"It's okay," he assured her, "Your brother will look after you now," he added handing, a seemingly reluctant Dorea to Arcturus who took her in his arms.

She looked towards Charlus with a soft, delicate smile.

"Thank you, Potter," she said quietly.

"It's Charlus to you, my lady," he said with a slight bow and a similar smile before turning his attention to Arcturus.

"We will take our leave," he said. "You of course all have my word as a Potter that none will hear the password to your room from me".

"Nor me," Harry added. "We'll get Slughorn to change it."

With that, Harry and Charlus turned to leave, though they were halted in their steps by the voice of Arcturus Black.

"Potter, Evans," he called. "Thank you."

Both Harry and Charlus offered the boy a nod before leaving, catching sight of Slughorn as he was entering his office just a short way down the corridor.

"What were you doing in there?" he asked suspiciously.

"We were helping Miss Black back to the common room," Charlus explained. "There was an incident with some students in our house."

"And Miss Black is fine?" Slughorn questioned.

"A little shaken up, but no worse for wear."

Slughorn nodded.

"I will check on her," he sighed. "Take ten points each for Gryffindor."

"Thank you, Professor," Charlus replied. "You will want to change the password also."

"I will do so immediately," Slughorn assured him. "You may not be the best potioneers I have, but you're good boys. Now, be on your way."

Neither needed telling twice to leave the dank dungeons, and with what had transpired, their thoughts were far away from paying a visit to the kitchens, any merriment they had felt having evaporated.

"Mr Evans, Mr Potter," the voice of the headmaster called to them as they entered the Entrance Hall.

Dumbledore was with him, both men looking upon them severely.

"I would like you to join us," Dippet instructed, gesturing towards the open door of one of the antechambers just off the Great Hall.

They did so, and Dumbledore closed the door behind them after they had entered.

"I have just had a rather concerning conversation with Mr McLaggen and the other seventh year boys in your house. I would like your version of events as to what happened outside the library," the headmaster requested.

Charlus took it upon himself to explain, and Dippet listened, nodding, and releasing a deep sigh when he was done.

"They claim that the attack was unprovoked," Dippet replied. "Now, I know you both well enough to know that is unlikely, and I'm sure that Miss Black will be able to confirm what you have told me. However, you overreacted."

"Overreacted?" Charlus snorted. "They attacked her!"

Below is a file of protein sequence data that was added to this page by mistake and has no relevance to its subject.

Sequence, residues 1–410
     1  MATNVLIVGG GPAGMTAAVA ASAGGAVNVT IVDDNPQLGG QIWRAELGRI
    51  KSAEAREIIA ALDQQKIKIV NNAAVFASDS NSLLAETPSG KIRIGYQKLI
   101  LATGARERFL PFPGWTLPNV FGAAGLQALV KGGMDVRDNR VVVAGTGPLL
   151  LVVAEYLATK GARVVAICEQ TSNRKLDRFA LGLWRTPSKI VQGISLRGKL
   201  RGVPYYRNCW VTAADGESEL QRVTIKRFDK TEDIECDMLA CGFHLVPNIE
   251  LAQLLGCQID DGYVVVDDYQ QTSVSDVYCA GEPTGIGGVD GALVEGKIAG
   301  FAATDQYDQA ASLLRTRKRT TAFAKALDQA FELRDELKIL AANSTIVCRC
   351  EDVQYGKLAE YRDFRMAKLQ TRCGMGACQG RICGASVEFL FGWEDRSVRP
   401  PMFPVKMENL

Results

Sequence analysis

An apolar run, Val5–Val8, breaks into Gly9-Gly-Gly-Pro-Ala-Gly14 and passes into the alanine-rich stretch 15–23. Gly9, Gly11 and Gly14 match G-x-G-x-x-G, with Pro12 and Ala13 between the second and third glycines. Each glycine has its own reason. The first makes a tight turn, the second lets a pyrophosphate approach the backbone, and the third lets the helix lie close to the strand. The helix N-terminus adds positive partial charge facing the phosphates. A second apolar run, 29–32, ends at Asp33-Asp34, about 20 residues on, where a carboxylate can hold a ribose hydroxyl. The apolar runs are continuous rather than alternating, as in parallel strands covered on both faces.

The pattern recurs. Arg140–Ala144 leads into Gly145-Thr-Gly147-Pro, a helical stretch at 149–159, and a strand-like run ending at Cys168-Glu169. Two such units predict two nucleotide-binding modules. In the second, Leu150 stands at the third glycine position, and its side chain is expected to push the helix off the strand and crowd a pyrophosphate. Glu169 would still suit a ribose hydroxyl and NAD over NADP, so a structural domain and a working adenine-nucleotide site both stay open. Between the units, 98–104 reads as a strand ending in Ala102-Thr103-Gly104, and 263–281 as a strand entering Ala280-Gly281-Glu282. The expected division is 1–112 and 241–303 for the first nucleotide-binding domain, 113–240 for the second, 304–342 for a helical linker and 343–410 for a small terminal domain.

"They did," Dippet agreed, "but your response was one of considerable and unwarranted violence. Instead of disarming, or even stunning them, you opted for what I can only deem to be an extreme reaction. Mr McLaggen's leg is severely broken, and the cutting curse that Mr Blackburn fell victim to cut into the bone of his shoulder."

"Maybe they'll learn to not be complete prats then," Charlus retorted, eliciting a sigh from Dumbledore.

"I had hoped that with the heat of the moment having passed, you would show some remorse for what you had done," he said disappointedly. "I can see that is not so. Mr Potter, for the remainder of the year, you have forfeited your Prefect position and will serve two months of detention with Mr Pringle, as will you Mr Evans. I do hope there will be no further incidents from either of you."

Charlus simply shook his head and handed over his badge.

"I suppose McLaggen and the others will get off scot-free?"

"Do you not think they have been punished enough?" Dumbledore asked, surprised by the question.

"They will be punished also," Dippet interjected firmly. "They may have ended up worse off than yourselves, but what they did is inexcusable. Now, I do hope that you will be less rash in the future."

Harry and Charlus nodded and left the room.

"Sorry," the latter muttered.

"For what?"

"Getting you two months of detention."

Harry chuckled.

"It's fine," he assured Charlus. "It was bloody worth it. I don't care what Dumbledore said, we did the right thing in the moment."

Charlus smiled as he nodded his agreement, though Harry was still quietly seething.

As far as he was concerned, McLaggen and the others had gotten less than they deserved.

Perhaps it was because it was his grandmother they were assaulting, or it was that he was more vengeful now?

It mattered not.

He felt no guilt for what he had done.

"Definitely worth it."